OneNote Security Tightened By Microsoft To Block 120 File Extensions

By   Adeola Adegunwa
Writer , Informationsecuritybuzz | Apr 04, 2023 02:30 am PST

After allegations that the note-taking service is being increasingly misused for malware transmission, Microsoft has revealed steps to automatically remove embedded files with “dangerous extensions” in OneNote security.

Users were previously presented with a window warning them that opening specific attachments could damage their computer and data, but they could ignore it and access the files.

Future events will change that. According to Microsoft, the statement “Your administrator has prohibited your ability to open this file type in OneNote” will be displayed instead of the user being able to open an embedded file with a risky extension directly.

The upgrade primarily affects OneNote security for Microsoft 365 on Windows-based devices, and it is anticipated to begin rolling out with Version 2304 later this month. Other operating systems, such as macOS, Android, and iOS, as well as the web-based and Windows 10 versions of OneNote, are unaffected.

According to Microsoft, OneNote, by default, disables the same extensions that Word, Excel, Outlook, and PowerPoint disable. “If the user clicks on malicious scripts or executables, damage may result. If extensions are introduced to this list of permitted add-ons, OneNote and other programs like Word and Excel may become less secure.”

The list of 120 extensions in this act is as follows –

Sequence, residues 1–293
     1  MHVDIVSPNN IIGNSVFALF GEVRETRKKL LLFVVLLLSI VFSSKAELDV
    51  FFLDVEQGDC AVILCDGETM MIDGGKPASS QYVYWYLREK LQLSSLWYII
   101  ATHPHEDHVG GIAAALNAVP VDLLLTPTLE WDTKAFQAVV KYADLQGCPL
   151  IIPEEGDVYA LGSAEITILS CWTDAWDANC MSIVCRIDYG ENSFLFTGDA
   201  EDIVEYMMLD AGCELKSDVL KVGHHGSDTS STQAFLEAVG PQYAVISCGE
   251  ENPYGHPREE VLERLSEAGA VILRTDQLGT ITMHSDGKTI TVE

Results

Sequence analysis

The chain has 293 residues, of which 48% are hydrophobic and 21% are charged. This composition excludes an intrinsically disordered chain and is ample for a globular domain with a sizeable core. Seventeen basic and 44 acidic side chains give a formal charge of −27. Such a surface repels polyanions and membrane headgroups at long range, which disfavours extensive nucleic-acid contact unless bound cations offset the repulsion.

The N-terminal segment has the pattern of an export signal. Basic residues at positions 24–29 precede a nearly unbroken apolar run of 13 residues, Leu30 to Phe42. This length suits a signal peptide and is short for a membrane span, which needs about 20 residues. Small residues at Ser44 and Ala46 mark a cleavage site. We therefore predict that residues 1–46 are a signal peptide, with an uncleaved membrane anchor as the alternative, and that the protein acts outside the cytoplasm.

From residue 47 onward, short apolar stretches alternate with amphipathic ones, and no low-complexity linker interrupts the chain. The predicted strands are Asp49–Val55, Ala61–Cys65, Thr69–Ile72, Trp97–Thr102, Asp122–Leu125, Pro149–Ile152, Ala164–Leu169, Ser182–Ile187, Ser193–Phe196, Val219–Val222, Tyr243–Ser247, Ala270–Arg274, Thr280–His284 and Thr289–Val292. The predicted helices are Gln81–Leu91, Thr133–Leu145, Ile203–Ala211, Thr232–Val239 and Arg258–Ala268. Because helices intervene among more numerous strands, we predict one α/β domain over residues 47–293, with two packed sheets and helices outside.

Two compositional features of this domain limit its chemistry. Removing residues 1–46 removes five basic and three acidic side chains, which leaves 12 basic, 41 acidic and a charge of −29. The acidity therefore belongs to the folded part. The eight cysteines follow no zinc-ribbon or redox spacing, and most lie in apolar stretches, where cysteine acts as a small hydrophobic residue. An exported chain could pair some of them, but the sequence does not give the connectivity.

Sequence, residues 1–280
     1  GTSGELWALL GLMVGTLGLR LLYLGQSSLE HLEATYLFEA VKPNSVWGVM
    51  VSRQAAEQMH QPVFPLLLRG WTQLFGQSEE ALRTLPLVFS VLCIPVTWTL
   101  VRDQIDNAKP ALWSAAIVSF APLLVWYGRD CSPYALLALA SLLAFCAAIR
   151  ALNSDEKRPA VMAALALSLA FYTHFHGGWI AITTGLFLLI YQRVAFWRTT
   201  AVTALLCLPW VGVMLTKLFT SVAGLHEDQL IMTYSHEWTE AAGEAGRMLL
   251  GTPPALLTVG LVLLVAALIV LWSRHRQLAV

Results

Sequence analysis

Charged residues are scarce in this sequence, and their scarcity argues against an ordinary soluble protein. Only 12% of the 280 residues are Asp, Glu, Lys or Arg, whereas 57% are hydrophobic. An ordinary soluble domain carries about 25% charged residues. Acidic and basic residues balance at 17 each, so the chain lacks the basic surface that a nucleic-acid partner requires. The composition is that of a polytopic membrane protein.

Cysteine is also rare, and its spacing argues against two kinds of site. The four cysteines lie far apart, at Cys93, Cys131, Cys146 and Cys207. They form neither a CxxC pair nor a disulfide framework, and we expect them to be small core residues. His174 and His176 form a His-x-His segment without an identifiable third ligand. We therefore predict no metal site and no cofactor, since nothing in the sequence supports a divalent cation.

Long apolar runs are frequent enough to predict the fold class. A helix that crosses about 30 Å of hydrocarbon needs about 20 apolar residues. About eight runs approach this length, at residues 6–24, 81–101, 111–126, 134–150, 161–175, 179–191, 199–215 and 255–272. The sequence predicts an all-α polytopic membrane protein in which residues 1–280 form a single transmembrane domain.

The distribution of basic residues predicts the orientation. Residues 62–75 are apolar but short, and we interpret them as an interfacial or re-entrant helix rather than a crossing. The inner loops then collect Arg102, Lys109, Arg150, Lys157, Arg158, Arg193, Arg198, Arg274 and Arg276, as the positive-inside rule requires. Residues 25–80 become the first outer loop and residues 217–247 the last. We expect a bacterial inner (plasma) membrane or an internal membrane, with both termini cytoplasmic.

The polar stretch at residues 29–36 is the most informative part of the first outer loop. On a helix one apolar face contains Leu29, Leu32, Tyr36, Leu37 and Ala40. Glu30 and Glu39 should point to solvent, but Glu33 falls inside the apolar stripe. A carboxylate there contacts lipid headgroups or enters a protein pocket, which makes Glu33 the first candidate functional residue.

(.ade, .adp, .app, .application, .appref)

(-ms, .asp, .aspx, .asx, .bas, .bat, .bgi, .cab, .cer, .chm, .cmd, .cnt, .com, .cpl, .crt, .csh, .der, .diagcab, .exe, .fxp, .gadget, .grp, .hlp, .hpj, .hta, .htc, .inf, .ins, .iso, .isp, .its, .jar, .jnlp, .js, .jse, .ksh, .lnk, .mad, .maf, .mag, .mam, .maq, .mar, .mas, .mat, .mau, .mav, .maw, .mcf, .mda, .mdb, .mde, .mdt, .mdw, .mdz, .msc, .msh, .msh1, .msh2, .mshxml, .msh1xml, .msh2xml, .msi, .msp, .mst, .msu, .ops, .osd, .pcd, .pif, .pl, .plg, .prf, .prg, .printerexport, .ps1, .ps1xml, .ps2, .ps2xml, .psc1, .psc2, .psd1, .psdm1, .pst, .py, .pyc, .pyo, .pyw, .pyz, .pyzw, .reg, .scf, .scr, .sct, .shb, .shs, .theme, .tmp, .url, .vb, .vbe, .vbp, .vbs, .vhd, .vhdx, .vsmacros, .vsw, .webpnp, .website, .ws, .wsc, .wsf, .wsh, .xbap, .xll, and .xnk)

If users decide to open the embedded file anyhow, they can do so by first saving it locally to their device and then doing so.

The news comes as threat actors have switched to using OneNote attachments to spread malware via phishing assaults due to Microsoft’s decision to ban macros in Office files accessed from the internet by default.

Malicious OneNote samples have increased in number since December 2022, according to cybersecurity company Trellix, until peaking in February 2023.


Microsoft has provided more details on the harmful embedded files that OneNote will soon prevent to protect users from continuous phishing scams that spread malware. Following recent and ongoing waves of phishing attacks pushing malware, the company initially disclosed that OneNote will have improved security in a Microsoft 365 roadmap article released three weeks ago, on March 10.

Since mid-December 2022, when Microsoft patched a MoTW bypass zero-day exploit to spread malware via ISO and ZIP files, threat actors have been employing OneNote papers in spear phishing attacks. Threat actors develop malicious Microsoft OneNote documents by embedding risky scripts and files and concealing them with design features. This is because Word and Excel macros are now, by default, blocked.

Further information about which specific file extensions will be restricted once the new OneNote security enhancements go into effect was given by the firm today. According to Microsoft, the files deemed harmful and prohibited in OneNote will align with those blocked in Outlook, Word, Excel, and PowerPoint. Users will no longer have access to files with harmful extensions after the security upgrade goes live. Before, OneNote informed users that accepting attachments could harm their data while allowing them to open the embedded files marked as risky.

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